hospital for days often losing track of the time of day. After long
hours of filming in the hospital, the crew became exhausted. This led
to having the last scene be one long five-minute scene of action to
shorten the time needed to film. To complete this, during the scene
when two characters go into an elevator to talk for twenty seconds,
the crew changes the scene entirely and sets up the explosions for the
scene to continue seamlessly. An accident occurred while filming the
hospital sequence. Real glass was used and pieces of it flew toward
Tony Leung and got into his eyes. Leung was sent to the hospital and
after a week's rest, he returned to the set. Woo changed the ending
Hard Boiled after many members of the crew of the film felt that
Leung's character should survive at the film's end.
Woo is a fan of jazz music and wanted this style for the soundtrack
of Hard Boiled. Woo had also previously wanted a singer to perform a
jazz song and have Chow Yun Fat's character play saxophone in his
previous film The Killer . The producer for The Killer,
Tsui Hark ,
rejected this idea for The Killer, feeling that
Hong Kong audiences
didn't enjoy and understand jazz music. The score heard in Hard
Boiled was created by jazz musician Michael Gibbs . During promotional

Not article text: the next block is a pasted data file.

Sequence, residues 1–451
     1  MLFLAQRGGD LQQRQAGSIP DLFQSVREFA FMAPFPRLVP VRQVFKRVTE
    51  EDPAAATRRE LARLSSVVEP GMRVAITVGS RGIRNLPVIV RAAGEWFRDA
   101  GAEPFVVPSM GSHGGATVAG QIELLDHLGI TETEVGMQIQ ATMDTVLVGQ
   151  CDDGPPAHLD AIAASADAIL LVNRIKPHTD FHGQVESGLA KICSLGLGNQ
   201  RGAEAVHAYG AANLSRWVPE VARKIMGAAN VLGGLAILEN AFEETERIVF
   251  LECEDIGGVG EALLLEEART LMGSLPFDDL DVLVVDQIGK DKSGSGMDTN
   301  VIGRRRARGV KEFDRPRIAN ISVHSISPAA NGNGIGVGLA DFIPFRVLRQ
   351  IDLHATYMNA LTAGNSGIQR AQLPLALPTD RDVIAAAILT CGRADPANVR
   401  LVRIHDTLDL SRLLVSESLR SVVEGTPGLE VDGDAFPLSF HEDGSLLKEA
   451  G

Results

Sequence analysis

screenings, the score for the film was different and was described as
"very haunting music" by film scholar Bey Logan. This score could not
be used as the production crew could not get the rights to the music.
Other songs featured in the film, include "Hello " by Lionel Richie
and the traditional song "Mona Lisa ". Woo chose these songs
specifically for their lyrics to suggest that Tony was a sort of pen
pal to Teresa. All the characters in
Hard Boiled had their voices
dubbed by their own actors in order to save money. Woo stated this was
convenient as he did not have to worry about setting up boom mics and
other sound elements.
Hard Boiled's was released on 16 April 1992 in Hong Kong. The film
grossed HK$19,711,048 which was not as strong of a box office
reception as Woo's previous action films
A Better Tomorrow or The
Killer . On the film's initial release in
Hong Kong it debuted at
number 3 in the box office where it was beaten by
Tsui Hark 's Once
Upon a Time in China 2 and the
Stephen Chow film Fight Back to School
The North American premiere of
Hard Boiled was in September 1992 at
Toronto International Film Festival . At the premiere the
audience response was very positive with people stomping their feet
and yelling at the screen. This reception surprised producer Terence
Chang who did not expect such a positive reaction. Hard Boiled
received wide release in the United Kingdom on 8 October 1993.
A laserdisc edition of
Hard Boiled was released by The Criterion
Collection in December 1995. A Region Free DVD of
Hard Boiled was
The Criterion Collection on 10 July 1998. A second Region
1 DVD of the film was released by Fox Lorber . Fox Lorber released the
film as a stand-alone release and as a double feature with The Killer
on 3 October 2000. Originally, when
Miramax bought the rights to